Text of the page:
Women workers at clothing factories in Asia are particularly hard hit during the corona pandemic. Finnish Finnwatch is now looking for a corporate team both at home and at EU level to ensure that human rights are observed in the production chains of the clothing industry in Asia.
The pandemic has had a negative effect on the world economy and while consumers may choose to shop locally and support domestic business, millions of women have been affected by the pandemic in factories in Asia, where the majority of our clothing is made. According to the Customs investigation, Vietnam is number six on the list of countries responsible for the clothes that Finland imports.
The textile workers’ employment conditions have never been optimal and the industry has long had a reputation for poor working conditions, discrimination, violence, harassment, gender pay gaps or absolute poverty for the textile workers with approximately 80% being women. The textile industry is now, on top of that, one of the worst affected by the globally economic consequences of the pandemic and this means that these women lose their job and wages when production stops. Several stores have been forced to close their doors during company shutdowns and due to reduced demand for goods, several retailers have demanded a discounted price or completely inhibited orders.
Christian Viegelahn, an economist at the International Labor Organization’s ILO office in Thailand confirms in an interview with Swedish Yle that the industry and especially the women in it have been hit hard. He says, “We see signs that the pandemic has led to increased violence against women.”
Women in the clothing factories in Asia are also under-represented in trade union movements as a large number of workers work illegally and a major concern caused by the crisis is that the proportion of unpaid work risks increasing.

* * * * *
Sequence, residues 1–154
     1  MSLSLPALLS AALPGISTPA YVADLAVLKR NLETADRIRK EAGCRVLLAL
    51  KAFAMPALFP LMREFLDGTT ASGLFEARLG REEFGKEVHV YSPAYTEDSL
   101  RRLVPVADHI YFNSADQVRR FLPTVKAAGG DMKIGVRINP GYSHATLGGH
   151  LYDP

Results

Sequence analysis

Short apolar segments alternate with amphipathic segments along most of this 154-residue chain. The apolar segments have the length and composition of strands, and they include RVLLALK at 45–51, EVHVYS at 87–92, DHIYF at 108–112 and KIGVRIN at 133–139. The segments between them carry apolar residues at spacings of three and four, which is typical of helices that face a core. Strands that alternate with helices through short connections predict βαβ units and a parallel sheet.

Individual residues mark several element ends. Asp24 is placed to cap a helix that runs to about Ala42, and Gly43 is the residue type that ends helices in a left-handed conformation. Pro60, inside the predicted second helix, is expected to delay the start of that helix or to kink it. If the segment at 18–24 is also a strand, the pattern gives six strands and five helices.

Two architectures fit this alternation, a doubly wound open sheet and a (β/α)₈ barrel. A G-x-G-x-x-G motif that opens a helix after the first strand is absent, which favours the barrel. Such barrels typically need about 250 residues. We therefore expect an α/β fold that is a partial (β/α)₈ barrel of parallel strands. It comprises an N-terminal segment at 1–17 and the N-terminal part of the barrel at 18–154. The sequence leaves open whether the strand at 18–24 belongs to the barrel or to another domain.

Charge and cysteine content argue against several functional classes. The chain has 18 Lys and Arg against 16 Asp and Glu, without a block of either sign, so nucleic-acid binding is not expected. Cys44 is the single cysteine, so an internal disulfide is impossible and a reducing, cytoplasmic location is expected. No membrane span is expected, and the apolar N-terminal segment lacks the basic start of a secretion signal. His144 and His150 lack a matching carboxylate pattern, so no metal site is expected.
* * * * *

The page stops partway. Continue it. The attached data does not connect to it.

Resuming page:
Earlier this fall, the Clean Clothes Campaign, an international network for workers in the textile industry, reported that textile workers lost nearly $ 6 billion in wages during the first three months of the pandemic.
According to Christian Viegeland the key to success now is dialogue between all parties and governments, unions and brands should now work together for a change. ILO believes that the recent crisis can be an opportunity for fundamental reforms in the industry. It is about solving structural problems in the business model. Brands could invest in making production chains more resilient, sustainable and people-centered. The industry also needs to do more to improve basic elements such as logistics, communication, electricity supply.
Finnwatch agrees with ILO and states that human rights are not the responsibility of the consumers. The corona crisis should be an eye-opener for the entire industry.
Anu Kultalahti, researcher at Finnwatch says, “The pandemic has led to discoveries regarding weaknesses in the global production chains, and the biggest threat would be that we do not learn anything from this and do not change anything. It is not the consumer’s responsibility to ensure that human rights are observed in the production chains. The responsibility lies with the companies and in the different countries, and could be regulated through international legislation.
The legislation would ensure that all countries are legally bound to comply with human rights, and this could increase transparency in the industry.
Anu Kultalahti says, “The preconditions for such a law are now being investigated by the ministries, and with such an EU proposal is expected to be ready by next year.”
Source: Swedish Yle